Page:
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Professor Milsom is recognised as perhaps the most important writer on the early development of English law since Maitland.
His Historical Foundations of the Common Law provides a highly stimulating and original synthesis of the formation of the main features of the English legal system, while his The Legal Framework of English Feudalism sees the obligations and concepts of an uncentralized feudal society being absorbed by a central jurisdiction and reduced to the technicalities of real property law.
Studies in the History of the Common Law makes readily available some of his other writings over the last thirty years. They fall into four groups. The largest is a series of detailed studies of the personal actions. These began from the topic most discussed by the few legal historians of the author's student days, namely the origins of'trespass' and 'case'; and their common thrust was to question the accepted interpretation of development in terms of a mechanistic interplay between 'forms of action', and instead to see lawyers thinking about questions.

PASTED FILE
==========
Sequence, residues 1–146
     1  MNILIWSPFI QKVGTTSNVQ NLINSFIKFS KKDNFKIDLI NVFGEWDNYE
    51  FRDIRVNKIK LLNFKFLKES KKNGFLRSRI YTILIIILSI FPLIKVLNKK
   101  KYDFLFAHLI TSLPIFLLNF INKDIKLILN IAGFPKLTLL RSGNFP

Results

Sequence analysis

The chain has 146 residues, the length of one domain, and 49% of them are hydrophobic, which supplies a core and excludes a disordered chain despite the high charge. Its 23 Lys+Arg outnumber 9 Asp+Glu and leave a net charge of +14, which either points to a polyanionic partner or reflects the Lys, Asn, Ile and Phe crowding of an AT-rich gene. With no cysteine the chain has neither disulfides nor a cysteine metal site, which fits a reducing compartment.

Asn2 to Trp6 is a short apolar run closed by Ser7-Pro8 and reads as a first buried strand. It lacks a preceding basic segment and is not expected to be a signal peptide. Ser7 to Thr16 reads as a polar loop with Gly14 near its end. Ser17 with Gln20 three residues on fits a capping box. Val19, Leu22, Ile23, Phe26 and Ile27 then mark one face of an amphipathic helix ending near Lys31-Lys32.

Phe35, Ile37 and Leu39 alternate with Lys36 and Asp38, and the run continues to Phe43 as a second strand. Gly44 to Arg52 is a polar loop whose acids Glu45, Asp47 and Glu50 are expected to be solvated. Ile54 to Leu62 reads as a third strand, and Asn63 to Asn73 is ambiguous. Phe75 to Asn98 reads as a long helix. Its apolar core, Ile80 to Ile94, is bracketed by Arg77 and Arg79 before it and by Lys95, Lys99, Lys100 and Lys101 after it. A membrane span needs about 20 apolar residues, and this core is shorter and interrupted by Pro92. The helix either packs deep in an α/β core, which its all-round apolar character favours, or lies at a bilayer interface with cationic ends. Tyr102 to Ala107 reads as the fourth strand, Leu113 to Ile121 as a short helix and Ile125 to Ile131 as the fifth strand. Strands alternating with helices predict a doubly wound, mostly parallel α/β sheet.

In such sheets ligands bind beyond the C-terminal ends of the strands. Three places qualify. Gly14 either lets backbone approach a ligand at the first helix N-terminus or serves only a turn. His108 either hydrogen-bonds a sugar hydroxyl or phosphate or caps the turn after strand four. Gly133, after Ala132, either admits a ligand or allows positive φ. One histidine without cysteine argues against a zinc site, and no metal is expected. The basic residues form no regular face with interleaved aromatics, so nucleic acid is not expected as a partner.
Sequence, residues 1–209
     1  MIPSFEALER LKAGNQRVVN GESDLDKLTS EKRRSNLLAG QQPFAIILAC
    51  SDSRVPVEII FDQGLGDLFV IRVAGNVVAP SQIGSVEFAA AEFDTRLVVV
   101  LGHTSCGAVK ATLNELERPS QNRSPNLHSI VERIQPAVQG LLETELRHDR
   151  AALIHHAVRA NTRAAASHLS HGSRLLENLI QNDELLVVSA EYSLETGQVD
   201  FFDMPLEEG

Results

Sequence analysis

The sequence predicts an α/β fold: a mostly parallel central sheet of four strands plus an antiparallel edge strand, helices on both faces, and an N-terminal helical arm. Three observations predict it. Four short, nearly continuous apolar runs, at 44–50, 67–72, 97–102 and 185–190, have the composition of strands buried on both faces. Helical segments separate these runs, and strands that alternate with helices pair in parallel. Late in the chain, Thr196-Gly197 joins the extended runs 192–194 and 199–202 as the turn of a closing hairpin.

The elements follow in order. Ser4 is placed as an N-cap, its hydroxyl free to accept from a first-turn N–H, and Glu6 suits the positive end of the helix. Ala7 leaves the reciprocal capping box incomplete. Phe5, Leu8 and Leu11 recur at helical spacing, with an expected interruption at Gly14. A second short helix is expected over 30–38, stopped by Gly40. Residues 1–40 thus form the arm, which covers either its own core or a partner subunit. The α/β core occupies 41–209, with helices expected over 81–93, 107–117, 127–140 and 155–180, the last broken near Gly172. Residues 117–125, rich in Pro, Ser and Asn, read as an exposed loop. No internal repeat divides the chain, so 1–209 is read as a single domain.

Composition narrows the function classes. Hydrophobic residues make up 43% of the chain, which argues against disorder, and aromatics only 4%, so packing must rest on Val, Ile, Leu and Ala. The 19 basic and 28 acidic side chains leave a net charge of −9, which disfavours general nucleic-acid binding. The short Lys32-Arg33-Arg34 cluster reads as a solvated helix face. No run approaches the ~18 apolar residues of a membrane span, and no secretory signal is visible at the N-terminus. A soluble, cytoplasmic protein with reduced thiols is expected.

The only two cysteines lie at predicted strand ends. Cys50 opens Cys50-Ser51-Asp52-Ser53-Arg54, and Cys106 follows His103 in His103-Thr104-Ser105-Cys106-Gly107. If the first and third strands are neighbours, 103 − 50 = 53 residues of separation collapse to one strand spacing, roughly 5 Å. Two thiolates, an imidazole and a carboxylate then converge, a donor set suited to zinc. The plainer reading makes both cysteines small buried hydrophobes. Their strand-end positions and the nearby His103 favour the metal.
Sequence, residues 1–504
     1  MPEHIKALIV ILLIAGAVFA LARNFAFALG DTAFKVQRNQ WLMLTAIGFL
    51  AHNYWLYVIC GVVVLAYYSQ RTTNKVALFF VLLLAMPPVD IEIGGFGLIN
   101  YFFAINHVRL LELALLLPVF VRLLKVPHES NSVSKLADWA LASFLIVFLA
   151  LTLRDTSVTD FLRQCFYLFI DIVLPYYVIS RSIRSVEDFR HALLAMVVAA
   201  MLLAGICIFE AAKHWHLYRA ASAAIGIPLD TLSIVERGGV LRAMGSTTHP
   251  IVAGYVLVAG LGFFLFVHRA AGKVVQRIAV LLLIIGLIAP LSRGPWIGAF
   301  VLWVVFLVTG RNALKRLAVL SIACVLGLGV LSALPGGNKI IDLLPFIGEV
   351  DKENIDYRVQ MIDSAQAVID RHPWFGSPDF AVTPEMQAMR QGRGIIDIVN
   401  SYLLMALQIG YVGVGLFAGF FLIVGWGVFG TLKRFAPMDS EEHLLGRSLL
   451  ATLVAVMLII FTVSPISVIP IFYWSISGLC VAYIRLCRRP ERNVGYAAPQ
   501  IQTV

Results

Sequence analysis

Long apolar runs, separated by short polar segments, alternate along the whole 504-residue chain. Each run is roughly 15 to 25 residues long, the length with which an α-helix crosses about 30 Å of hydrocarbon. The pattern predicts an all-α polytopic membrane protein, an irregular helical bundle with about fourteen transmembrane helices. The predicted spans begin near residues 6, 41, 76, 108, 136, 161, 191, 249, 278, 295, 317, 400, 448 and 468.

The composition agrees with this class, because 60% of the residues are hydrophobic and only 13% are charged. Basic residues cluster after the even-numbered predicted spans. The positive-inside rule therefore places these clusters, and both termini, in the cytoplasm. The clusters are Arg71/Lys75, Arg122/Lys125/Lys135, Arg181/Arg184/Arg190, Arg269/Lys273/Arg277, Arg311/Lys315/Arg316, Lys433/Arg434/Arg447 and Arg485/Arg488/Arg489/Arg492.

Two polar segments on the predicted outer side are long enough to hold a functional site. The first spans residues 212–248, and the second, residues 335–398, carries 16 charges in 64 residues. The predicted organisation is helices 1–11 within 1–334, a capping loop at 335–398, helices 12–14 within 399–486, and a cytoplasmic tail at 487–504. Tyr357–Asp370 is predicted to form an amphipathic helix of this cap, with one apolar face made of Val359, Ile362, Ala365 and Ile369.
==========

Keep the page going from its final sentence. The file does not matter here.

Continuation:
Legal development as a phenomenon in its own right is the concern of the second group - studies of the part played by reason, of the interplay between law and fact, of history repeating itself in the field of contract, of the nature of Blackstone's achievement, and of judge-made law.
There are two dissimilar papers on the early land law: a discussion offemale inheritance and the widower's curtesy is a small sequel to The Legal Framework of English Feudalism, seeing oddities in the developed land law as relics of a different social structure; and an early paper on formedon records, with some technical comment, a plea roll find made while working on the personal actions.
Lastly come papers on two great historians of medieval English law, and the juxtaposition of papers on Plucknett, who came to the subject as a historian with no legal background, and on Maitland, who came to it from the law, may prompt reflection on the lasting predicament of this field of study.